In America, little girls were glued to the television from before dawn, enthralled by Diana’s dress with its billows of silk taffeta, 10,000 pearls and 25-foot train. To a young girl’s eye, the only blemish of this perfect day was that the bride’s signature feathered hair succumbed to the summer humidity.
But not even flat bangs could detract from the fairy tale dream of marriage played out with such pomp.
Nor was the nobility of the moment lost on adults. As ABC’s Ted Koppel commented that evening:
Today’s marriage between Charles and Diana was … a hugely magnified version of what most of us hope for, the idealized beginning of what is meant to ripen into the perfect partnership of a man and a woman.”Koppel’s ABC colleague, Bob Green, added: “ The royal aspect almost was secondary. … [T]here was something universal about the ceremony of life that was taking place. The message was the same one that comes through at a wedding in a church recreation room in New Hampshire or a justice of the peace’s office in Ohio.”When the royal couple said, “I will” (their version of “I do”), the roar of the crowd outside St. Paul’s Cathedral “was almost as if the world was cheering for itself,” Green reported. And indeed we do cheer for ourselves when we rejoice in wedding vows. Marriage is a promise. Not just between one man and one woman, but to the community at large, to generations past and to those yet to be born. Wedding vows set apart this lifelong, life-giving relationship from all others. That’s why we cheered in 1981, even though, as ABC’s Green also reported, “marriage and the family have fallen on hard times.” And it’s why the world once again roars with joy as Kate Middleton marries Prince William. We celebrate their union despite the fact that for Diana, William’s mother, the fairy tale had a bitter, postmodern ending. For the generation of young women who grew up in the age of Diana, her story is a metaphor for the troubled state of marriage today. The overwhelming majority of young people still desire the marriage ideal, but many are unsure they ever will attain it. The route to marriage isn’t nearly as clear as in generations past, and once entered, its endurance less sure. Americans are marrying at half the annual rate they did four decades ago, data posted at FamilyFacts.org show. Singleness lasts longer than in prior generations. The median age of first marriage is five years higher than a generation ago—26 for women, 28 for men. That makes Kate Middleton—at 29, the oldest first-time bride in a British royal wedding—representative of this generation. As for marital stability: Seven out of 10 couples married in the early 1990s reached their 10th anniversary, compared to nearly nine out of 10 couples married in the late 1950s.The institution of marriage endures, though, even when a particular marriage falls apart. Our failure to attain it doesn’t change the ideal.An ideal is not a fairy tale. It doesn’t insist on perfection and doesn’t presume happy endings. Fairy tale expectations, on the other hand, contribute to inordinate pressures as couples seek to make and maintain a marriage. They encourage brides, for example, to plan the perfect wedding day—to the tune of about $24,000, on average. “The writers of fairy tales most commonly ended their stories about princes and princesses at the altar,” Ted Koppel intoned 30 years ago. “These writers knew what marriage was meant to be. They were also wise enough to know that it rarely turns out that way.”Fairy tales, however, leave out the wedding vows, which are meant to dispel the easy illusion of happily ever after, set appropriate expectations for a lifetime of commitment and connect couples to the communities of support around them. The vows begin where the ceremony ends.Realistic expectations for marriage will go a long way toward making the institution more durable. That’s why it’s good to hear reports that Will and Kate are going to do their own chores in their royal mansion, rather than hire servants. It’s much more significant news, actually, than Kate’s reported decision to wear her hair down.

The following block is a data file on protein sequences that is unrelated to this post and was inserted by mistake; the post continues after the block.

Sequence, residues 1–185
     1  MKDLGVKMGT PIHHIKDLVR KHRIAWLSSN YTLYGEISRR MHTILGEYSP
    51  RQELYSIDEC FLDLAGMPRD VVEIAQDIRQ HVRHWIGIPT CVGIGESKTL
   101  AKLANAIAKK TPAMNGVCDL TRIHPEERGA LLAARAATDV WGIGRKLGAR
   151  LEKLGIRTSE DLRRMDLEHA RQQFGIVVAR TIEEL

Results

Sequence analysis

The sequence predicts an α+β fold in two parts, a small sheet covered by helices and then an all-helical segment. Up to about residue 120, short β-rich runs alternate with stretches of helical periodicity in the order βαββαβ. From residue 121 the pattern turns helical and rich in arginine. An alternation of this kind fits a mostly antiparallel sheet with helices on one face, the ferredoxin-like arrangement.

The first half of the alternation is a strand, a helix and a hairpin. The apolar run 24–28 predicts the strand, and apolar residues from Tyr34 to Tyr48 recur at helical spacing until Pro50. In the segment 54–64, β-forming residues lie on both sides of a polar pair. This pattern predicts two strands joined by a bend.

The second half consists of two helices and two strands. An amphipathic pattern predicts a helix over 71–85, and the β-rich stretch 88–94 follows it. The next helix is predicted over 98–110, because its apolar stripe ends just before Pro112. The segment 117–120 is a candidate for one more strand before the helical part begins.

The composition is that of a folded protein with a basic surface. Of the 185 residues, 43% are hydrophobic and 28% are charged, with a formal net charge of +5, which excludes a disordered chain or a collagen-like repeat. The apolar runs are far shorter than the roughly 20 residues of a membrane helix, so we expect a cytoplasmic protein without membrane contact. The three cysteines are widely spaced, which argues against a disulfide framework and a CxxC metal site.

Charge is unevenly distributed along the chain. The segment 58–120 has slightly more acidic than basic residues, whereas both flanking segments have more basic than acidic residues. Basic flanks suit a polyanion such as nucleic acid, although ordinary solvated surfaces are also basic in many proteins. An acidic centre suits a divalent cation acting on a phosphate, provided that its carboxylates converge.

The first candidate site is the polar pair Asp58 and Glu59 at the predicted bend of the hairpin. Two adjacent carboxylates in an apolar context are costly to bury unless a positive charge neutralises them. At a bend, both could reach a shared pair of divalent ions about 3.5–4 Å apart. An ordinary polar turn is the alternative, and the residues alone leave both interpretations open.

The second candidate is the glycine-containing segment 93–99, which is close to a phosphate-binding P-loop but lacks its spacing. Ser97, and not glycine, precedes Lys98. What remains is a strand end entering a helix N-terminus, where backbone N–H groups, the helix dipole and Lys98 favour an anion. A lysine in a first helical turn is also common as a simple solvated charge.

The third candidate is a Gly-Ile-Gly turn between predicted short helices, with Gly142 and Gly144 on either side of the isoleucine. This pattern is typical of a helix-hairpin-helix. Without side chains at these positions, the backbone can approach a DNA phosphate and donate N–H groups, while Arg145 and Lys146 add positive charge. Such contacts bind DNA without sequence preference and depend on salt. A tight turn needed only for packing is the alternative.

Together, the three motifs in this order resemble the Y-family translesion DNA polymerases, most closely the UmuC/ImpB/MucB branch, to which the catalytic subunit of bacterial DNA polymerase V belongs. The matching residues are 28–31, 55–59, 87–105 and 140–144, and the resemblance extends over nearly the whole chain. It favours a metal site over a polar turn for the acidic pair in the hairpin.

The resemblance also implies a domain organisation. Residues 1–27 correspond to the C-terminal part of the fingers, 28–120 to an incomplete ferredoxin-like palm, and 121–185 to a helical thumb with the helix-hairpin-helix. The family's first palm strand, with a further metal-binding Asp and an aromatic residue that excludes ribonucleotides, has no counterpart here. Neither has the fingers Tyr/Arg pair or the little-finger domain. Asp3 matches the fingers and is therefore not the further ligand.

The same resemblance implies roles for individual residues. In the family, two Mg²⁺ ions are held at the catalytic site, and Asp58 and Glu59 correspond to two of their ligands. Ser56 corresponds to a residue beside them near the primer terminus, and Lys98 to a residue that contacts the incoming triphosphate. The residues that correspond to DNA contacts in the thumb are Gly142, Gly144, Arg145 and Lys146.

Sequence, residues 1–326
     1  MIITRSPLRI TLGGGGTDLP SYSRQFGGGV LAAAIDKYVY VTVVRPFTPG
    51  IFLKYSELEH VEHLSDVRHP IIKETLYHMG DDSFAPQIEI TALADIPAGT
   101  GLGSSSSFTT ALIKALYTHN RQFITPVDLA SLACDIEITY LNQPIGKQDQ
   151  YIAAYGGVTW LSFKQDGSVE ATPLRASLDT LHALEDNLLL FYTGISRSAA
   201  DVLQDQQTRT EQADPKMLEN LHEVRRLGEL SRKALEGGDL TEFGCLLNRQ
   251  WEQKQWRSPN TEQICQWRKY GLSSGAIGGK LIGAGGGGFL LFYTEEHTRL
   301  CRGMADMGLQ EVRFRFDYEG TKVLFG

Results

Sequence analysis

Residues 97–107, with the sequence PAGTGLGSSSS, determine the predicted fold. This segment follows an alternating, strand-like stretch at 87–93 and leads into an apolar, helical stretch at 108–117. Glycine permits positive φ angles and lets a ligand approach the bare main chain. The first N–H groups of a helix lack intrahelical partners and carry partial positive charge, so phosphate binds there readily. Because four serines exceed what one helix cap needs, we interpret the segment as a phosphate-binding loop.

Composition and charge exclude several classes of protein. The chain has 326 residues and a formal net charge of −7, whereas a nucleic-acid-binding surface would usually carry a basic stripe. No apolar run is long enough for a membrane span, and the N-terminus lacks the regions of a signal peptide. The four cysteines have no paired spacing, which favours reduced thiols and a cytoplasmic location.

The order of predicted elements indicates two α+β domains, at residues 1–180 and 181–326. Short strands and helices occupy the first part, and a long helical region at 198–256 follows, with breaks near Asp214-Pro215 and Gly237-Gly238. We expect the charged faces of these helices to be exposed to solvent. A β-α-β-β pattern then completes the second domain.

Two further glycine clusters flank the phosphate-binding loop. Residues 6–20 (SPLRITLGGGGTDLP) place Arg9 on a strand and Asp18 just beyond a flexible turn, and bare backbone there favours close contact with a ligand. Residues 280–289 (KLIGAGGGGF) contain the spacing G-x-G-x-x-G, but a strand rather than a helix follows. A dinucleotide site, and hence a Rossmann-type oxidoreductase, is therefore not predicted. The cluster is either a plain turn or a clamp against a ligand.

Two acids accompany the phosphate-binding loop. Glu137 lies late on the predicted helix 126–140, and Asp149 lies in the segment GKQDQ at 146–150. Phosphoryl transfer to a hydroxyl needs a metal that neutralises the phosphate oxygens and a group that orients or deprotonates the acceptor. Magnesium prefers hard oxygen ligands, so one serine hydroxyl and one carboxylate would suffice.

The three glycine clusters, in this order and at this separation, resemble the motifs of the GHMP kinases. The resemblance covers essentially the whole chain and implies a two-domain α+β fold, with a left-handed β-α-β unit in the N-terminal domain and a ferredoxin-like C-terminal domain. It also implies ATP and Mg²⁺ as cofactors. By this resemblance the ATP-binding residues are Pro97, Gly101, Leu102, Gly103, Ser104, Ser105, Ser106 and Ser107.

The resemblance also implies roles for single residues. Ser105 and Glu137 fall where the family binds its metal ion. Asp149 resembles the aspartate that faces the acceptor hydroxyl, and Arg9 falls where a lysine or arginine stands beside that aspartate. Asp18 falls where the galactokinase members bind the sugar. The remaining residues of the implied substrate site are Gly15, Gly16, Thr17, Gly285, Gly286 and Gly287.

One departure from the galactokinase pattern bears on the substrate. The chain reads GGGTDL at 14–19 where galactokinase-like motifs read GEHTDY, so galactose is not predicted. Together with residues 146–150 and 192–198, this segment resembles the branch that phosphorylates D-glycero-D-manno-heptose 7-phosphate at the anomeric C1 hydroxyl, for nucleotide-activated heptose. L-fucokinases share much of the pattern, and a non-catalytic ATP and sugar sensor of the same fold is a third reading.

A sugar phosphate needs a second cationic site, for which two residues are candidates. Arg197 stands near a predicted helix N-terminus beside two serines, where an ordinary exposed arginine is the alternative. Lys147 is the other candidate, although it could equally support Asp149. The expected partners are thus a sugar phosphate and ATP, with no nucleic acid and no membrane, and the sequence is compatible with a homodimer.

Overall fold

Jennifer A. Marshall, director of the DeVos Center for Religion and Civil Society at The Heritage Foundation.
First appeared in The McClatchy News Wire service